To Live In That Lamppost


Doesn’t even look like a real word.

I have picked the poison.

Did you know that when you die, after the dying part, after the big decision is made regarding what is to be done with that burdensome shell you left behind, when they get their hands on you, the real you, they split you open.  It’s just like fileting a fish, and there are great, gleaming scythes just for this purpose and out spills all the gutsy words you never used, all those great thoughts unshared, the genius uncomposed, the use left, still fresh and uncurdled by time.  And they, with delicate hands so very rarely seen and never thanked or held, clear away the silver pudding skin of time and throw all of that delicious stuff, the umami of the spirit, the meat that makes a man from a mouse, a woman from a whisper, back in the pot of what might yet be.

I would like to show up on their table and cause such befuddlement.  Have the mongers and Makers cut their thin red slit from root to tip and a great cloud of ash emerge and choke them for a moment, make them put down their knives and struggle for the free air.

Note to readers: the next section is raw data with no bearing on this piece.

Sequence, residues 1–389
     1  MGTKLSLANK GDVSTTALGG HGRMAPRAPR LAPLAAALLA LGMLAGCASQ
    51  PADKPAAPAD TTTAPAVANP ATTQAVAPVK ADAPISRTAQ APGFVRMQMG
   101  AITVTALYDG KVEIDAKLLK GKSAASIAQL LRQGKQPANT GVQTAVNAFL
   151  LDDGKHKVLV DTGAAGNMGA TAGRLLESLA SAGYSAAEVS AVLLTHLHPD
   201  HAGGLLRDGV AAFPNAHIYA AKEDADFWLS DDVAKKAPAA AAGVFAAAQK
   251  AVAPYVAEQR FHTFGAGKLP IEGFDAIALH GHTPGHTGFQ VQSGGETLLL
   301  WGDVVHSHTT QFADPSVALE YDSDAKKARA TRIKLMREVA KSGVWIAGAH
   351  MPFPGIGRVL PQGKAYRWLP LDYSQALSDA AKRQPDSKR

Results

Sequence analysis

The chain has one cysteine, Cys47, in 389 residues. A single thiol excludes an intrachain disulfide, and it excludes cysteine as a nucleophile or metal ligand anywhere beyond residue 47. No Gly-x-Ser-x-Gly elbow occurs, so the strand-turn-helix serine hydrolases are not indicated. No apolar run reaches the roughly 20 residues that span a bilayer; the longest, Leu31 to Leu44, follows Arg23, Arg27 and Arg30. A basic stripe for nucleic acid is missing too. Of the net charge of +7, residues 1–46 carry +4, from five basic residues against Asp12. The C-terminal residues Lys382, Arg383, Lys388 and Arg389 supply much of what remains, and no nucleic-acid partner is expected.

Is this the thing we’re going to do now?  Just check, once a day, just peer in the window even as the signs change and the moving truck arrives to haul it all away?

It’s just a thought I have.  A page I turn.  A box I tick.  Just in case.  You know, just so that there isn’t a minute where your hand might suddenly extend and I would be unaware of the gesture.  Just so I wouldn’t be ignorant of the change in the weather.   We watch the channel so we’re not ever in danger of being unprepared.  Not so we dwell on the matter, even if that is a side-effect.   You thrilled me once by caring and you have not killed me with your disregard.  It is one vignette in a long, long film.  We may not even mention it in the final review.

But there is a sort of punishment for reaching out your hand, for engaging in the first awkward steps of the dance…

I feel quite a bit at the moment.  I feel quite sad.  I can’t fix it, except but to continue and live in other places and moments and hopes and stretch other muscles than my lithe and toned gluteus tristeus.    Everyone says its natural to be sad as if natural means less strident, less directed, more easily given to decay.  It’s just around me.  You said you cared.   And now the Void coos, and the subtle language of the dread, soporific Before sings in my ear, and now, I draw its vial off the shelf and sip.


These are the last imperfect words of an imperfect day, like a carrot in your hair, just left hanging out there, not folded neatly into the rest of the hair.  It is without malice, it’s just its nature.


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